LOS ANGELES — The DM from Ava DuVernay came on a Thursday afternoon.
In the message, DuVernay told Davis she was a fan of “Lift,” the 2001 independent film she co-directed starring a pre-“Scandal” Kerry Washington. “Wondering,” she asked. “Have you written any episodic TV specs by chance?”
Davis had written a pair of unfilmed scripts. But she had pretty much ruled out directing TV.
“Because the adage was, you have to have experience to get this job and you need the job to get the experience,” Davis says.
After seven seasons and 89 episodes, “Queen Sugar” will sign off on Tuesday night. The drama artfully told the story of the Bordelon family and its battle to maintain their sugar cane farm in rural Louisiana, receiving critical acclaim for its depiction of Black lives on screen. But behind the camera, DuVernay pulled off something truly remarkable. She hired women to direct every single episode. Some were veterans who had been boxed out of the male-dominated television industry. Others were first-timers who simply hadn’t been given a chance. That latter group includes Davis, who directed seven episodes and also supervised a season as producing director. Davis’s work on the series led to her directing on the acclaimed miniseries “Self Made: Inspired by the Life of Madam C.J. Walker” and signing on for a new series, “Found,” now in production.
“'Queen Sugar’ gave me a career,” Davis says matter-of-factly.
DuVernay, who wrote and directed the finale and served as executive producer of “Queen Sugar” along with Winfrey, says that she didn’t initially plan on a female-only slate when the series launched in 2016.
“It was not a mandate,” DuVernay says. “When I was figuring out, okay, I think this director, this director and this director, they were all women. Women I knew. Women I didn’t know. And that’s where the idea came out of. Organically.”
In Los Angeles, at an event celebrating the show’s hiring practices, The Washington Post spoke to five “Queen Sugar” directors about what working on the series meant to them.
The Austin filmmaker’s 2014 production, “Hellion,” about a young boy struggling without his mother, screened at the Sundance Film Festival.
“I thought, okay, after this feature, the doors are going to start opening up for episodic television and bigger films,” she says. “That didn’t happen. I went to a lot of meetings where it was like, you have an episode of television, then come back to us and we’ll talk.”
Candler knew DuVernay from Sundance. The latter had won the best director prize in 2012 for her feature, “Middle of Nowhere,” and maintained a relationship with the festival. In 2015, DuVernay came to Austin for a speaking engagement and invited her to lunch. She told her she was making a television show. Would Candler be interested in directing?
Her first episode was the eighth of the first season, “Where With All.” As a hurricane approaches, tensions heighten between family members. It’s then that they gather to play a card game, spades, at Aunt Vi’s house.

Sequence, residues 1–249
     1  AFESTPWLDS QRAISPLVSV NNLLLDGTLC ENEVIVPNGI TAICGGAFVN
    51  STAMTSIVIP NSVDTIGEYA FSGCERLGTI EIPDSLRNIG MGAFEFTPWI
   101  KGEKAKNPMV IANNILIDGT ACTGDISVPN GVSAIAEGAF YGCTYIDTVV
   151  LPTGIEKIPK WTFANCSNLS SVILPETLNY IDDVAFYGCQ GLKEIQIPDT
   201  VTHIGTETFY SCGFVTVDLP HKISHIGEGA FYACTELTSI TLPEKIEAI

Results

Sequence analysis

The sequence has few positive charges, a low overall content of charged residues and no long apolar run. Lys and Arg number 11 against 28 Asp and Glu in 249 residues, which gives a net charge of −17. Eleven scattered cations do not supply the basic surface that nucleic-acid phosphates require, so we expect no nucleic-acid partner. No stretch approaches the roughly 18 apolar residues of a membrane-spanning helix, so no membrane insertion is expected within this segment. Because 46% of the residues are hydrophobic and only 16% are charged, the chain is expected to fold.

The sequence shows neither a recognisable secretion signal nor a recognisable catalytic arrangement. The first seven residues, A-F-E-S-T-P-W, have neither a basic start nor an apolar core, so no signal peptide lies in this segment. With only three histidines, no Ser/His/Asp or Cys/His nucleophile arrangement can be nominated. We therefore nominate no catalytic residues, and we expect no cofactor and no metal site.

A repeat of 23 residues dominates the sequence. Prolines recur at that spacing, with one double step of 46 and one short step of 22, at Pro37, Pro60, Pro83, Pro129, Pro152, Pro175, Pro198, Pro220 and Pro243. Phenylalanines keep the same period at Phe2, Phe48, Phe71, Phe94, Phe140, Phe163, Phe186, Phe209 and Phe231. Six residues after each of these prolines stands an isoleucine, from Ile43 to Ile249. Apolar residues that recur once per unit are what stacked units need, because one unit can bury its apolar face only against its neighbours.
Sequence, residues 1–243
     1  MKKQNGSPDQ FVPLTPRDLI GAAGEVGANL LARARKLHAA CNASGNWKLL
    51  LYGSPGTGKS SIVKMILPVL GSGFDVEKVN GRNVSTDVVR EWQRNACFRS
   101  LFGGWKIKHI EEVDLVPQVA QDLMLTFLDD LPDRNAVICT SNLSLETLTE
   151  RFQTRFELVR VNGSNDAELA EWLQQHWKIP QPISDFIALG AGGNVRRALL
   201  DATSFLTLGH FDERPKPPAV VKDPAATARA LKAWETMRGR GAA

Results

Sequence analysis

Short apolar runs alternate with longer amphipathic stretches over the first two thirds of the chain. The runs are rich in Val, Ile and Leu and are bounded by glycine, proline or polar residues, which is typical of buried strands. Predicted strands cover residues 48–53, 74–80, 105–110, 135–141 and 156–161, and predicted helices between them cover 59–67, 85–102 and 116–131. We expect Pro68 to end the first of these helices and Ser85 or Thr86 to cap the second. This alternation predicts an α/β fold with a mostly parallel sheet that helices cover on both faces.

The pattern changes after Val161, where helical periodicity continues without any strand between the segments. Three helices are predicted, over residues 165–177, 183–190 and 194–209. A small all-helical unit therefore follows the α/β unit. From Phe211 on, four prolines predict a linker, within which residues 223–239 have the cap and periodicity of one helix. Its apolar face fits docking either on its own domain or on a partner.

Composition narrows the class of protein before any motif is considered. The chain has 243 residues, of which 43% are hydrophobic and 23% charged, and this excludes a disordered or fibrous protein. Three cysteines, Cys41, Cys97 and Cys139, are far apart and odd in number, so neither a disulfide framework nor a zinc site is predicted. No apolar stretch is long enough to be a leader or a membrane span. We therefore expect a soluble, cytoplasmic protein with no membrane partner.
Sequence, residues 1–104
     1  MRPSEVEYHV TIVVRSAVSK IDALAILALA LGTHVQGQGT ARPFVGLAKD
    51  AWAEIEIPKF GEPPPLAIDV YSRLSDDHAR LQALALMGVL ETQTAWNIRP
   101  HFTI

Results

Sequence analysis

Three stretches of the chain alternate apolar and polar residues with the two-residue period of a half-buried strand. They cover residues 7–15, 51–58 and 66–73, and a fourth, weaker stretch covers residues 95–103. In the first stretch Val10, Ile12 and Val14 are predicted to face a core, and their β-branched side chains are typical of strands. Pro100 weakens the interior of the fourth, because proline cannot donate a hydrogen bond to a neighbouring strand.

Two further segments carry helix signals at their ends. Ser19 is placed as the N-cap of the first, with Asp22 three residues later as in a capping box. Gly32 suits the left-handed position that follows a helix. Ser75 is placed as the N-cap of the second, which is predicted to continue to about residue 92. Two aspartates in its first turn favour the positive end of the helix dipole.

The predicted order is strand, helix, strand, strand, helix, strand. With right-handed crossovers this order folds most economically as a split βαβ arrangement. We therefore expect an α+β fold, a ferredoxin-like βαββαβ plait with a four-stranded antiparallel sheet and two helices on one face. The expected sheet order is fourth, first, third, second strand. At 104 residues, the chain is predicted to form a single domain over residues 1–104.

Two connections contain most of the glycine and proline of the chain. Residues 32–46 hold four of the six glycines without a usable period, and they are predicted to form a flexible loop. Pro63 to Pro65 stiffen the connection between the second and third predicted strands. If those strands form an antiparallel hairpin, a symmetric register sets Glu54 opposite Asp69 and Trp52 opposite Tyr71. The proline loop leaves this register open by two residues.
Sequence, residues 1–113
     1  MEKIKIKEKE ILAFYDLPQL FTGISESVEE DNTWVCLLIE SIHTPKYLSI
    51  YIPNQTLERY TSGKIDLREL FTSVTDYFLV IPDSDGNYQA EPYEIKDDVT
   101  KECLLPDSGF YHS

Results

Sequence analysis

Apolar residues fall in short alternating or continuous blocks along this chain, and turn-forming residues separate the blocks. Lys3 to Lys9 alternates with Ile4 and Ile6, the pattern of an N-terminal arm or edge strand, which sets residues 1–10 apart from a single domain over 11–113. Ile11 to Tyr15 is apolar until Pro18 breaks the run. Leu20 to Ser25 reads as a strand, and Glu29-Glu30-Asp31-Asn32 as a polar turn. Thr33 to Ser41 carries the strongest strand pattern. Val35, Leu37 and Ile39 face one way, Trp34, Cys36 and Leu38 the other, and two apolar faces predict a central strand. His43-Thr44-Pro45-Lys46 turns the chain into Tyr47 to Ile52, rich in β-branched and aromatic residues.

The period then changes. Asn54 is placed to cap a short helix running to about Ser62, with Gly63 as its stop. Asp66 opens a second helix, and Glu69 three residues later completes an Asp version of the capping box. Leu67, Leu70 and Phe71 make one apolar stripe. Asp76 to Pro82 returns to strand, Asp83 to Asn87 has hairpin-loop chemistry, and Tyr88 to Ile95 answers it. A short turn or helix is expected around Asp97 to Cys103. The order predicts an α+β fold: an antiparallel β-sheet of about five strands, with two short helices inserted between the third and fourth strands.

“I didn’t have a writer on set, which is absolutely not normal in television,” says Candler. “It was myself and the script supervisor and that was it. And the rest of it was our playground of these amazing actors who at that point [in filming] had such a familiar familial atmosphere and spirit to them. I love that episode so much, but my best memory of it is the spades game. I was a huge spades player growing up, seventh grade, back of the bus, me and my buddies, we would just play. So I was like, This is my jam, I know what I’m doing. And we improvised a lot and it just felt I was just sitting in someone’s living room as they were playing spades. It was just so authentic.”
She goes by “shooter,” but until “Queen Sugar,” Cierra Glaudé hadn’t shot much. In 2014, she was a student the University of Alabama when her film professor invited DuVernay to speak. At the event, Glaudé approached the director.
“I told her, ‘Hey, I’m the one you need, and I’m looking to work on your movie,’ ” says Glaudé. “And she looked at me and she was like, all right, and then she was never able to get rid of me after that.”
Glaudé started on “Queen Sugar” as a production assistant. She took her job seriously, even if it meant getting coffee for a director.
“I would paint the cup with the syrup,” says Glaudé. “I never worked at Starbucks or anything, but I would do, like, a little barista action, you know, and get them right and just make sure they were comfortable and they had what they need. Coffee was just a byproduct to be close to the camera, to be able to learn from all these different directors like Julie Dash, Neema Barnette, DeMane Davis.”
Eventually, DuVernay told Glaudé it was time. She made her directing debut in the fifth season and captured the Bordelon family having to face the killing of George Floyd. In one of her favorite sequences, she captures Nova, the advocate journalist, recording a vlog in which she recites the names of Black victims of police brutality.